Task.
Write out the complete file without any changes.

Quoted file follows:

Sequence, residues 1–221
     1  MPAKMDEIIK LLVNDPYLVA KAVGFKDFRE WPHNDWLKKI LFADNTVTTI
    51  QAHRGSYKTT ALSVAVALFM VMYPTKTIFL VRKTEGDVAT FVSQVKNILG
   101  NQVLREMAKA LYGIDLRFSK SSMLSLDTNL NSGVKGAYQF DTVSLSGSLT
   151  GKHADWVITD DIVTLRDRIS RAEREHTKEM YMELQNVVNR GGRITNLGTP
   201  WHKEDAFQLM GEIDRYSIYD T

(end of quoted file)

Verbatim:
Sequence, residues 1–221
     1  MPAKMDEIIK LLVNDPYLVA KAVGFKDFRE WPHNDWLKKI LFADNTVTTI
    51  QAHRGSYKTT ALSVAVALFM VMYPTKTIFL VRKTEGDVAT FVSQVKNILG
   101  NQVLREMAKA LYGIDLRFSK SSMLSLDTNL NSGVKGAYQF DTVSLSGSLT
   151  GKHADWVITD DIVTLRDRIS RAEREHTKEM YMELQNVVNR GGRITNLGTP
   201  WHKEDAFQLM GEIDRYSIYD T